Oh, you don’t mean to say that there might be a profit motive in all this?
Broadway Review: 'Disney Aladdin'
New Amsterdam Theater; 1720 seats; $155.50 top. Opened March 20, 2014. Reviewed March 19. Running time: 2 HOURS, 20 MIN.
A Disney Theatrical Prods./Thomas Schumacher presentation of a musical in two acts, based on the Disney film, with book by Chad Beguelin, music by Alan Menken, lyrics by Howard Ashman, Tim Rice, with additional lyrics by Beguelin.
Directed, choreographed by Casey Nicholaw. Sets, Bob Crowley; costumes, Gregg Barnes; lighting, Natasha Katz; sound, Ken Travis; illusion design, Jim Steinmeyer; hair, Josh Marquette; makeup, Milagros Medina-Cerdeira; orchestrations, Danny Troob; music supervision and vocal arrangements, Michael Kosarin; dance music arrangements, Glen Kelly; music coordinator, Howard Joines; fight direction, J. Allen Suddeth; production stage manager, Clifford Schwartz.
Adam Jacobs, James Monroe Iglehart, Courtney Reed, Brian Gonzales, Brandon O'Neill, Jonathan Schwartz, Clifton Davis, Don Darryl Rivera, Merwin Foard, Michael James Scott, Jonathan Freeman.
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Essay on Racism in Disney's Aladdin
993 WordsJul 31st, 20084 Pages
Racism: discrimination which exemplifies stereotypical differences between the ethnic groups to which people belong. While Disney animated films are the ideal family movies, it is undisclosed to many that such racism is being portrayed. Disney’s movie Aladdin (1992), “was a high-profile release, the winner of two Academy Awards, and one of the most successful Disney films ever produced” (Giroux, 104); however, what is often disregarded is the obvious depiction of careless racism towards Arabs seen in the illustrations of the characters, the statuses into which they are placed and the lyrics of the opening song near beginning of the film. Furthermore, with the movie disguising itself as innocent and wholesome, children are exposed to these…show more content…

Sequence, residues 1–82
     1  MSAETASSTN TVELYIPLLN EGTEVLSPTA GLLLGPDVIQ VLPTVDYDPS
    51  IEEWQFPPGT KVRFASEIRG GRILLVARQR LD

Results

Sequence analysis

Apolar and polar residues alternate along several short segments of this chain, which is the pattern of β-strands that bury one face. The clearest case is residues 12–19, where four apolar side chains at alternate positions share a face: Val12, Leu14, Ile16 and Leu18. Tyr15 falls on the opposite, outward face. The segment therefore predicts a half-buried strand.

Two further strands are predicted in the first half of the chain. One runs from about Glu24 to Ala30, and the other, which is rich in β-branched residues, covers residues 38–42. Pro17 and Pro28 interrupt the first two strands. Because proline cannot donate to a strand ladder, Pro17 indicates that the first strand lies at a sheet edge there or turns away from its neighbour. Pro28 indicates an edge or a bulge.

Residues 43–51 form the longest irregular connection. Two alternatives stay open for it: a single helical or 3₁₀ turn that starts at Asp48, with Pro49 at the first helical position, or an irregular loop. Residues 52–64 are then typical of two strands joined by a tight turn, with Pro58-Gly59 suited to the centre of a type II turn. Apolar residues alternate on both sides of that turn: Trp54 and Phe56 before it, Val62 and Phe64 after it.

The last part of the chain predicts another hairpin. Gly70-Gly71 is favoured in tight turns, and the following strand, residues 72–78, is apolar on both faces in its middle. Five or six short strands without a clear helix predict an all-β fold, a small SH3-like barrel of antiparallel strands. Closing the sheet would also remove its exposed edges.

One Arab merchant even tries to cut off Jasmine’s hand when she doesn’t have money to pay for an apple she gave to a hungry boy. Not once in the movie does it show a wealthy man living outside the palace among civilization. This is not only unrealistic but it is also very insulting towards the Arabic culture.
When it comes to the illustrations of his popular characters in Aladdin, Disney proves to be quite racist. Most of the small-part, background characters and especially “the bad guys”, such as Jafar and the palace guards, all have incredibly distinct Arabic appearances. Every one of them stereotypically consists of “beards, large noses, sinister eyes, and heavy accents, and they’re wielding swords constantly” (Giroux, 104). In contrast, Aladdin the hero, looks and talks like an All-American man. His skin is pale and he wants to be addressed as Al, which is an American name rather than Arabic. He does not have a beard, big nose, turban, or accent. The key point in this illustration is that Disney is establishing that Aladdin looks right for the part of a hero, while Jafar looks right for a villain.” Jack Zipes, author of the essay “Breaking the Disney Spell”, clarifies that “though the characters are fleshed out to become more realistic, they are also one-dimensional. There is no character development because the characters are stereotypes, arranged according to a credo of domestication of the imagination”